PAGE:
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Why Greece Might Very Well Say “Goodbye To All That”

Submitted by Karl Weber of KW-invest AG (pdf)

Has anybody noticed the changes in the macro picture?

If GDP statistics are anything to go by, this move in the right direction is noteworthy: in 2014, the Greek economy has shown signs of stabilising or even growing a tad. It looks as if the Greek GDP growth trend was even better than that for the Eurozone. Greece also appears no longer be lagging to the other Southern European nations.

Analysts, in general, expect the Greek economy to improve in the foreseeable future. Their estimates for 2014 had to be revised upwards (E +0.9%); and their forecasts allow for a bit of optimism (2015 E +1.7%, 2016 E +2.4%) even if we anticipate continued moderate deflation.

While industrial production is still shrinking, there are tangible indications of improvement: the steady increase in the capacity utilisation rate in manufacturing, moderate growth in domestic demand and better external trade data in goods and services.

And yet, these signs of "recovery" may easily be subject to the “too little, too late” argument in reference to the labour market. Since 2013, the unemployment rate in Greece has slightly fallen, as it did in Portugal and Spain (but not in Italy). However, at around 26%, this rate still marks a painful depression. The jobless rate for under 25-year olds is, now as before, dreadfully high (50%).

Euroland: youth unemployment (jobless rate for under 25-year olds) in Southern Europe + Ireland

Deflation is aggravating the economic plight; consumer prices are now down 2.5% from a year-ago. This is the worst picture in the eurozone.

Consequently, the market turned its back on Greek government bonds. Fears grew again that under these conditions the nation has no chance to produce sufficient growth and tax income to service the outstanding debt. (In stark contrast, yields on other Southern European government bonds kept falling rapidly.)

The Hellenic Republic bond I looked at six months ago (and decided not to buy), with a life until 2024 and a coupon of 2%, had a redemption yield of 4.0%. Today it shows a yield of 8% and a bid price of 59% (down from 83%)... Clearly, I would have incurred a marked loss, had I bought the "deflation is good for bonds" thesis.

The synopsis of all this: any betterment related to overall domestic demand is fenced by the huge debt burden and the resultant complete loss of manoeuvering room for fiscal policy.

To state again the patently obvious: Greece's government debt mountain looks now as before insurmountable.

In the current political negotiations between the Eurogroup and the new Greek government, the latter wants to deal with the heart of the problem and do away with this debt burden. Greece has obtained the critical mass of political clout by threatening to walk away from the monetary union.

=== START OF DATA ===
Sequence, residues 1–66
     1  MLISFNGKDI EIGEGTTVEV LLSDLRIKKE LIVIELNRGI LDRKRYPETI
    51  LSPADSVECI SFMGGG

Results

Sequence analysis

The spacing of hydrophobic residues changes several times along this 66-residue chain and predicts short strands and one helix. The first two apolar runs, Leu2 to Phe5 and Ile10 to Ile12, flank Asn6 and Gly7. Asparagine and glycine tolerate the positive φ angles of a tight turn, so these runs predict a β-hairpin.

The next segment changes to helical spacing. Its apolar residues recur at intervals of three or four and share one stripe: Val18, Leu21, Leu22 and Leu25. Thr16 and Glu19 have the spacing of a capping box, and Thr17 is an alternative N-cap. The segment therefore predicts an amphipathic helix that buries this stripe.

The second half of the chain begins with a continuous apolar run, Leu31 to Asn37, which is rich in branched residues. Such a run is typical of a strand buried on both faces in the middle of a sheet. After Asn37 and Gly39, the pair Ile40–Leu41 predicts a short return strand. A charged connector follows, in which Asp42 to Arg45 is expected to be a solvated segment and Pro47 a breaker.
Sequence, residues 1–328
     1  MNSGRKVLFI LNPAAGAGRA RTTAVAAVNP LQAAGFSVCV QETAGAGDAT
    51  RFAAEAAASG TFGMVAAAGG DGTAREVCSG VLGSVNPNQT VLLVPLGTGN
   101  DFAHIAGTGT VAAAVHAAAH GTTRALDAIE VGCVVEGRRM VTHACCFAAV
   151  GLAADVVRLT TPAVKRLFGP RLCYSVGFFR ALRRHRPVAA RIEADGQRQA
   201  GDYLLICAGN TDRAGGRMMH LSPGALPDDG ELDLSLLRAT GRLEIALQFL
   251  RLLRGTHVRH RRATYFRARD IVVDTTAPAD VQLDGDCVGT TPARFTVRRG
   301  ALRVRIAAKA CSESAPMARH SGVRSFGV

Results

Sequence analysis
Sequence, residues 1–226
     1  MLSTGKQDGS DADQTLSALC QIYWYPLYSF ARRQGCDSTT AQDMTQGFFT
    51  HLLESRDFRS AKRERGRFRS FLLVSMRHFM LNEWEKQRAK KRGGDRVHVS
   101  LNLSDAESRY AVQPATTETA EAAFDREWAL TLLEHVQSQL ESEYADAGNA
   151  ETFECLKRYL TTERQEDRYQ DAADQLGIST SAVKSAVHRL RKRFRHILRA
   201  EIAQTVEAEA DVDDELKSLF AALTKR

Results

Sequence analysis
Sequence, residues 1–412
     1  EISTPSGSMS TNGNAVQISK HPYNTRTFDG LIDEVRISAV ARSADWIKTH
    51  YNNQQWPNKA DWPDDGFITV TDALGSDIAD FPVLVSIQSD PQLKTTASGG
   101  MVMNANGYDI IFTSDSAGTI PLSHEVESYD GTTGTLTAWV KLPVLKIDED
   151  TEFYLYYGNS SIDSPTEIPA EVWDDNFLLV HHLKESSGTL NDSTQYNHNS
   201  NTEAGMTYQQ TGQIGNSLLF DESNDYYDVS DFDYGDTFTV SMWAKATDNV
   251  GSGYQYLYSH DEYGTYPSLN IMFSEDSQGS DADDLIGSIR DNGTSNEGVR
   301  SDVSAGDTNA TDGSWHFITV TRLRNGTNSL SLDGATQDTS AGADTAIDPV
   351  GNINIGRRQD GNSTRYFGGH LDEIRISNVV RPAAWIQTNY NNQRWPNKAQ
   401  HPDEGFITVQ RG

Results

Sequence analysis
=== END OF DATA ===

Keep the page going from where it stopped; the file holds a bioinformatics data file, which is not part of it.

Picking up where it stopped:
It would be no easy taks for the Eurogroup to create a template for an orderly eurozone exit (for more than one country). Some form of asset destruction in the balance sheets of the large European banks would be inevitable. And for the export locomotive Germany, a stronger (!) euro would be costlier than a few billion Euros sent as bridge money to Greece.

There are two facts which put the new government in a credible position should it want to play the gambit of Grexit:

Firstly, there is a current account surplus, overall exports were higher than imports in 2014. This would give a newborn Drachma some support.

Secondly, Greek achieved a primary fiscal surplus (before interest cost on borrowings).

This is a favourable starting position for a nation who envisages a default and a start from scratch.

I assume that the overall costs (and risks) of Greece saying "Goodbye To All That" are considered too high by both the Eurogroup and the new Greek government. (In practice: a 5- day bank holiday, issuance of Drachmas, the conversion of euro assets into Drachmas and the announcement that 90% of outstanding debt will no longer be honoured.)

Eventually, there will be a compromise aimed primarily at gaining time. The Eurogroup will continue to allow the minimum financing of the Greek state ("extension") and say that they will need time to think how a "debt restructuring" could like like.

Mr Tsipras and Mr Varoufakis will be content having secured "bridge funds" for another 6-9 months while still in possession of the trump card "Grexit".

Finally, I would like to share a thought about Greek banks. Since 2011, their share prices have slumped 80%-99% (!). They are more like options now. An investment in Greece bank shares cannot be recommended to the faint-hearted. But for an investor who bets against the political wild card "Grexit", this could be a rewarding deal since valuations are very low (allowing for the blurred visibility).